Abbildungen der Seite

As smokes upon the silver plate of the luxurious pamper'd great.

So to this cot of homely thatch, In the same plight the Genius came: Down comes the dame, lifts up the latch ; What want you Sir ?—God save you, dame. And so he told the piteous tale, Which you

have heard him tell before; Your patience and my own would fail Were I tell it o'er and o'er. Suffice it, that my goody's care Brought forth her best, tho’ simple fare, And from the corner-cupboard's board, Her stranger guest the more to please, Bespread her hospitable board With what she had 'twas bread and cheese.

'Tis honest tho' but homely cheer;
Much good may't do ye, eat your fill,
Would I cou'd treat you with strong beer,
But for the action take the will,
You see my cot is clean, tho'small,
Pray Heav'n encrease my slender stock !
You're welcome, friend, you see my all;
And for your bed, Sir, there's a flock.

No matter what was after said, He eat and drank and went to bed.

And now the cock his mattins sung,
(Howe'er such singing's light esteem'd,
'Tis precious in the Muses' tongue
When sung rhymes better than he scream'd)
The dame and pedlar both arose,
At early dawn of rising day,
She for her work of folding cloaths,
And He to travel on his way;
But much he thought himself to blame,
If, as in duty surely bound,
He did not thank the careful dame
For the reception he had found.
Hostess, quoth He, before I go,
I thank


your hearty Fare ;
Would it were in my pow'r to pay
My gratitude a better way;
But money now runs very low,
And I have not a doit to spare;
But if you'll take this piece of Stuff-

- No, quoth the dame, I'm poor as you,
Your kindest wishes are enough,
You're welcome, friend, farewell Adieu.

But first reply'd the wand'ring guest,
For bed and board and homely dish,
May all things turn out for the best,
So take my blessing and my wish.
May what you first begin to do,
Create such profit and delight,
That you may do it all day through,
Nor finish till the depth of night.


you, she said, and shut the door, Turn’d to her work, and thought no more. And now the napkin which was spread To treat her guest with good brown bread, She folded up with nicest care ; When lo! another napkin there! And every folding did beget Another and another yet. She folds a shift-by strange encrease, The remnant swells into a piece. Her Caps, her Laces, all the same, Till such a quantity of Linen, From such a very small beginning, Flow'd in at once upon the dame, Who wonder'd how the deuce it came, * That with the drap'ry she had got Within her little shabby cot,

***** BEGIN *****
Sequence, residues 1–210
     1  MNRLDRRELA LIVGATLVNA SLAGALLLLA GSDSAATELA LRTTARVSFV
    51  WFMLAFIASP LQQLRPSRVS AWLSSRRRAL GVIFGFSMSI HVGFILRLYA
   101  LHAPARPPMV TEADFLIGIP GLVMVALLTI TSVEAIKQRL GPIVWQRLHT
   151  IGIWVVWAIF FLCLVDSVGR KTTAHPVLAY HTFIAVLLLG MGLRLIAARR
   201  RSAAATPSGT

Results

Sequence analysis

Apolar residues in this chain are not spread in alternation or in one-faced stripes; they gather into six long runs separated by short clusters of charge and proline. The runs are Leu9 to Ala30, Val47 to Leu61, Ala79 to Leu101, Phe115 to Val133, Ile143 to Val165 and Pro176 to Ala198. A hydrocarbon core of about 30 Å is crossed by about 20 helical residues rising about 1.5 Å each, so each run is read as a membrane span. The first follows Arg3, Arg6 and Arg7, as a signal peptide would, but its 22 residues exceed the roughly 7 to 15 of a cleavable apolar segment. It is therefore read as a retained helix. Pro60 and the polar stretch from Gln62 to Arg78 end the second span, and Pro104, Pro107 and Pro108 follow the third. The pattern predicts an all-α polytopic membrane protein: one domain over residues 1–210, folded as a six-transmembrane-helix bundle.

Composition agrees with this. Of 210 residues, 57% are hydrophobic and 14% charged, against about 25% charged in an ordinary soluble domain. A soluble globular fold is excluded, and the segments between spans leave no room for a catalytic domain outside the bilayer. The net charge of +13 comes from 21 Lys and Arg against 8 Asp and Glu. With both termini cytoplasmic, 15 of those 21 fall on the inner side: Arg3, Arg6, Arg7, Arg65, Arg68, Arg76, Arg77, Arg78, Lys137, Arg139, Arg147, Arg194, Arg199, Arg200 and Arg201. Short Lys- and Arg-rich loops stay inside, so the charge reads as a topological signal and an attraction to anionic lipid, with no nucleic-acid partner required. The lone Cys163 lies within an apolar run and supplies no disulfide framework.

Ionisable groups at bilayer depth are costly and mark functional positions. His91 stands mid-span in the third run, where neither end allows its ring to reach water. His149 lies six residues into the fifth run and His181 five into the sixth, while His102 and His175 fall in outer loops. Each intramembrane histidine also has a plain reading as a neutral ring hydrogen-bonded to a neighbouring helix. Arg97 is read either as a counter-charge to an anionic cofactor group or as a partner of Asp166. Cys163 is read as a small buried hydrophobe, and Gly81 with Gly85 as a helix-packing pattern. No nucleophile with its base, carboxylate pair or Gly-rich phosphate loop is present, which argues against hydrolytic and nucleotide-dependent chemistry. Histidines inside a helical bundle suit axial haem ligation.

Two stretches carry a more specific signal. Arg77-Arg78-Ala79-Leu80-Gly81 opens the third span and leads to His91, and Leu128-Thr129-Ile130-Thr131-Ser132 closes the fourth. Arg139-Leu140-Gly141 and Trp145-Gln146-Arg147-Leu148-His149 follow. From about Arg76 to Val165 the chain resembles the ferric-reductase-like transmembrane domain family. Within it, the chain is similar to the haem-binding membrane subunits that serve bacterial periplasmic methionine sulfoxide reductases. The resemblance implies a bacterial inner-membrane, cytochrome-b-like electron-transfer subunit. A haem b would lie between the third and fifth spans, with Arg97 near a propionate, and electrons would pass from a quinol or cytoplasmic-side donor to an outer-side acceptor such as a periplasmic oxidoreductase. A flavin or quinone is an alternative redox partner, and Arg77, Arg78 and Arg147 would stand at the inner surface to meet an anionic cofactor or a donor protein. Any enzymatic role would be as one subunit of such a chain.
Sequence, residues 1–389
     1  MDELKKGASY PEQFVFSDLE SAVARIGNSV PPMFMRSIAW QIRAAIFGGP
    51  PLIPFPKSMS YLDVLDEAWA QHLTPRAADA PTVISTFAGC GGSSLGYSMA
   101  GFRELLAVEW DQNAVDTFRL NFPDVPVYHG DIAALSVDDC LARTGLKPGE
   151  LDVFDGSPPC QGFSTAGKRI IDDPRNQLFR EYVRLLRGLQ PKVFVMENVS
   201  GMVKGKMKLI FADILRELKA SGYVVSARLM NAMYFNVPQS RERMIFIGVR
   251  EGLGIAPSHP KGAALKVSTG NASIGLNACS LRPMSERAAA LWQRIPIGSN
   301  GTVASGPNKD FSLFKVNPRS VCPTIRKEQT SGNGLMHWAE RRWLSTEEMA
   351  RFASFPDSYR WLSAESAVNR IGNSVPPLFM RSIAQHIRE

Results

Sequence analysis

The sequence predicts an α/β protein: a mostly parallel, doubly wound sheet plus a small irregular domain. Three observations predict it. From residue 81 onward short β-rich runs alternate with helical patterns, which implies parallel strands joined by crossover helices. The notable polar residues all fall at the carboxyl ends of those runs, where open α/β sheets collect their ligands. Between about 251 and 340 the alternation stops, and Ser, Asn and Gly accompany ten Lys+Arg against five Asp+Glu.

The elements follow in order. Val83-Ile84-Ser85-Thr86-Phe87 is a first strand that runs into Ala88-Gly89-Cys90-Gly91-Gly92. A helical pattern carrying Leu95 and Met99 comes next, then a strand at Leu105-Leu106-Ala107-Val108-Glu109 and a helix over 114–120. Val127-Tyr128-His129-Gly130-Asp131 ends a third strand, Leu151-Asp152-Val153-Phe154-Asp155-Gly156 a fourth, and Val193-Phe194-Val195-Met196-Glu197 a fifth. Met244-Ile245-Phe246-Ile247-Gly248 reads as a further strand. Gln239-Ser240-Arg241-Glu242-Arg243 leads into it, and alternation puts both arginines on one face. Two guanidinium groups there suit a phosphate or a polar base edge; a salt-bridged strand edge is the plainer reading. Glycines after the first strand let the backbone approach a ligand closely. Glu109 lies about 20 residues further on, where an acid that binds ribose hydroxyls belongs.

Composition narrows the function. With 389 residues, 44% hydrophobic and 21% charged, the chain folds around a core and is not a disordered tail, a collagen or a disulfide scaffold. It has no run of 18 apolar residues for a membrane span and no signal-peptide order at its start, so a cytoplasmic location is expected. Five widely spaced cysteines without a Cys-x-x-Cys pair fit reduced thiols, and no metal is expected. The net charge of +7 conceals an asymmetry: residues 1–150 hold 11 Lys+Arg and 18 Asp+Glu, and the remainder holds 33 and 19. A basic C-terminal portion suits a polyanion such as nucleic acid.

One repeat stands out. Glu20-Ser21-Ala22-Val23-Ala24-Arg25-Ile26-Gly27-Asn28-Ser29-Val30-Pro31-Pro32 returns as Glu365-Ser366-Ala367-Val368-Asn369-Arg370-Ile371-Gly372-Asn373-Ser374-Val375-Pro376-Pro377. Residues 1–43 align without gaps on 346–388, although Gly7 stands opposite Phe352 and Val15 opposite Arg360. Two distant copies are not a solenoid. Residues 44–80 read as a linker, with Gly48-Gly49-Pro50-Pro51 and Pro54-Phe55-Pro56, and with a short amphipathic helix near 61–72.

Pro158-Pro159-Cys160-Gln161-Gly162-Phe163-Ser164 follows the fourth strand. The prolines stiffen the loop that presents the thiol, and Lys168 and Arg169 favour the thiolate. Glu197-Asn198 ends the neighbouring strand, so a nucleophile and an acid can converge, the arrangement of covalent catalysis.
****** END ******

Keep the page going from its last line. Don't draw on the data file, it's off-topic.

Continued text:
She might for all the town provide,
And break both York-street and Cheapside.

It happen'd that th' Attorney's wife, Who, to be sure, took much upon her, As being one in higher Life, Who did the Parish mighty honour, Sent for the dame, who, poor and willing Would take a job of charing work, And sweat and toil like any Turk, To earn a sixpence or a shilling.

She could not come, not she indeed ! She thank'd her much, but had no need.

Good news will fly as well as bad,
So out this wond'rous story came,
About the Pedlar and the Danie,
Which made th’ Attorney's wife so mad,
That she resolv'd at any rate,
Spite of her pride and Lady airs,
To get the Pedlar tête-à-tête,
And make up all the past affairs,
And tho' she wish'd him at the devil,
When he came there the night before,
Determin’d to be monstrous civil,
And drop her .curtsie at the door. .

Now all was racket, noise and pother, Nell running one way, John another, And Tom was on the coach-horse sent, To learn which way the Pedlar went. Thomas return'd;-the Pedlar brough

-What could my dainty Madam say,
For not behaving as she ought,
And driving honest folks away?

Upon my word, it shocks me much, ---But there's such thieving here of late Not that I dream'd that you were such, When you came knocking at my gate. I must confess myself to blame, And I'm afraid you lately met Sad treatment with that homely dame, Who lives on what her hands can get. Walk in with me at least to-night, And let us set all matters right. I know my duty, and indeed Would help a friend in time of need. Take such refreshment as you find, I'm sure I mean it for the best, And give it with a willing mind To such a grave and sober guest.

« ZurückWeiter »